German Published Application Nov l,8l2,095 reveals a method of coating shaped articles of bitumen and ethylene copolymers comprising the application of an aqueous dispersion of a vinyl chloride polymer or vinylidene chloride polymer to the surface of said shaped articles, which dispersion contains a particulate cured urea/formaldehyde resin or a particulate cured malamine/formaldehyde resin. This prevents the shaped articles obtained from said molding compositions from sticking together. The prior art coatings usually have the disadvantage that they are not effective for a sufficiently long period of time with the result that, say, coated granules of polymers showing a marked tendency to stick to themselves and other objects, form agglomerates when stored for prolonged periods.

It is also known to prevent agglomeration of granules by dusting them with coal dust, lamp black or talcum. However, it is usually necessary to use a distinct excess of particulate parting agent to ensure that the material to be coated is completely enveloped thereby. The method of dusting tacky granules either produces a satisfactory effect for a limited time only or it provides finished products having mechanical properties which differ from those of the said shaped articles which have not been dusted in said manner.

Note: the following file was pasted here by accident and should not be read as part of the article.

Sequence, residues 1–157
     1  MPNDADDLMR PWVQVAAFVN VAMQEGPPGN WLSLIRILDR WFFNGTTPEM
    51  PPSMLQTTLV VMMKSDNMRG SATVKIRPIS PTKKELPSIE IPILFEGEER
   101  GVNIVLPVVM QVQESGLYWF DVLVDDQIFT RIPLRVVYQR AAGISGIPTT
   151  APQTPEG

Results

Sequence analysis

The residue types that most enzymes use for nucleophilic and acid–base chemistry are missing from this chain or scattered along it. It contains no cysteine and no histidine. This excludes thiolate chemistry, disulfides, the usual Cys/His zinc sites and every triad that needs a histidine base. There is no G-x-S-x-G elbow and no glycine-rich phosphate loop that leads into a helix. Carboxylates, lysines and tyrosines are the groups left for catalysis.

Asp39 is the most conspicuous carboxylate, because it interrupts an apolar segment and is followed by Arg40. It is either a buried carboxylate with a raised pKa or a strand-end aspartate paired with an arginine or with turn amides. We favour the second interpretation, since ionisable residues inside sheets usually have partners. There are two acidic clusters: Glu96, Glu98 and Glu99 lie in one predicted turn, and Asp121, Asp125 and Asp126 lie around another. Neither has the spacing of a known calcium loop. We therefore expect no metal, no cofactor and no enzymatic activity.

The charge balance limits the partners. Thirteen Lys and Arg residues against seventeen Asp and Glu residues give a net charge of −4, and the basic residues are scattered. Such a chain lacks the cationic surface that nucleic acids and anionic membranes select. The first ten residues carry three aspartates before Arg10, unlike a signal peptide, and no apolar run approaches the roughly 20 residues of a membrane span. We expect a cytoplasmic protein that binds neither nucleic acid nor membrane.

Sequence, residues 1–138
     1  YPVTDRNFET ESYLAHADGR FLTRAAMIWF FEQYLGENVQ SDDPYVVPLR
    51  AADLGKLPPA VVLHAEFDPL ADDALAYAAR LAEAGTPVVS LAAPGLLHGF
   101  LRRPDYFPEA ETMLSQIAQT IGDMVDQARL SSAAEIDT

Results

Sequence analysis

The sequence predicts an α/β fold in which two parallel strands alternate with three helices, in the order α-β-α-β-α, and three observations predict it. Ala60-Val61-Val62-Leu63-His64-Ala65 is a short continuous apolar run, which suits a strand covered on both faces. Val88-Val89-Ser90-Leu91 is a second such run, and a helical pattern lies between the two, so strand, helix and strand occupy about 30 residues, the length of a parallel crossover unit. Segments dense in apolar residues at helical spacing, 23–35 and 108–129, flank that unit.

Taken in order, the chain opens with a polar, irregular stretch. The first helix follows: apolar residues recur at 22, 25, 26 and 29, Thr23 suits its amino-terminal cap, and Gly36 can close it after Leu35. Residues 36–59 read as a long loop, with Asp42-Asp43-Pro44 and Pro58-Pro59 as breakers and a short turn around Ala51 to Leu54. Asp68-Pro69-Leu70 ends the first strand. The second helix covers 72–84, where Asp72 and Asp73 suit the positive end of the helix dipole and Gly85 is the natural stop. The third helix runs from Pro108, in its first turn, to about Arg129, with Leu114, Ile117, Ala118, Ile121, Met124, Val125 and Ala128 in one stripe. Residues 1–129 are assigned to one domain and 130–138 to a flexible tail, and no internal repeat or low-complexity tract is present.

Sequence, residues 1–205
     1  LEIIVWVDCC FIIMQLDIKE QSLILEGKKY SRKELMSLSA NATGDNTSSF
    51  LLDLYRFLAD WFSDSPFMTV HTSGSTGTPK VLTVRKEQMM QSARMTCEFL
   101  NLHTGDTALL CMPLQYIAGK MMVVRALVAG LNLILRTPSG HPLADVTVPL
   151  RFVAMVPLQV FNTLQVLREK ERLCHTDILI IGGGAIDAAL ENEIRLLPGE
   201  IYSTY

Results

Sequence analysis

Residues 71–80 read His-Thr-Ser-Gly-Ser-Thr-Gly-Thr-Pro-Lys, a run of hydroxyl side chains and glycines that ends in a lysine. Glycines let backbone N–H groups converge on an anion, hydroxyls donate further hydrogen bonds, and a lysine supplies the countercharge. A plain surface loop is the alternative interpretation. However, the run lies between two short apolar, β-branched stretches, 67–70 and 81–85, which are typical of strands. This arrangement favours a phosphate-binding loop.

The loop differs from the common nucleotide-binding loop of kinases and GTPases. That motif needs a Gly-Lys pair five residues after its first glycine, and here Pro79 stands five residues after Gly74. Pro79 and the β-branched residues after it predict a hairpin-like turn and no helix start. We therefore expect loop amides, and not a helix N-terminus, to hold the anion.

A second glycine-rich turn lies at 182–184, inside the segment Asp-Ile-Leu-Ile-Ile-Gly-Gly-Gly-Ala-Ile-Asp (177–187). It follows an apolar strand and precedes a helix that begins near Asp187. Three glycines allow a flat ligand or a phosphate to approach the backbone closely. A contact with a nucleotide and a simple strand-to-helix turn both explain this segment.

These problems may be avoided by treating the shaped articles with aqueous emulsions of various polymers and condensates. but drying of the shaped articles thus coated is very difficult. Usually, the coatings are not fully effective until they have dried out completely. However, there is still a risk of the treated granules forming agglomerates, as it is necessary in many cases to raise the temperature during drying almost to the softening point of the treated material. Residual water may form bubbles during extrusion of the material and thus cause a considerable loss of quality.

The use of organic solvents involves the added problem of solvent recovery and the additional cost of the necessary safety measures.

It is also possible to blend the tacky polymers with non-adhesive materials such as fillers and non-tacky polymers. In such cases however, it is necessary to mix the tacky material with a considerable amount of the other material. Thus it is known. for example, to blend polyisobutylene with from to 50 percent by weight ofa polyethylene or polypropylene and to make shaped articles from the mixture. This measure provides nontacky blends which are easy to package and process but the properties of the polyisobutylene are changed to such an extent that it can no longer be used in all of its usual applications, for example as an adhesive or a lubricant improver.

It is thus an object of the present invention to provide a method of coating shaped articles of plastics materials which tend to stick at ordinary temperatures com prising the application of a non-tacky thermoplastic material in the molten state, which method is required to avoid the above drawbacks of prior art processes, for example poor efficiency of the coating, pronounced change in the properties of the tacky polymer and complicated application of the coating material.

We have found that this object is achieved by using a low molecular weight polyethylene, polypropylene, copolymer of ethylene and propylene or mixtures of said polymers having a molecular weight of from 2,000 to 20,000.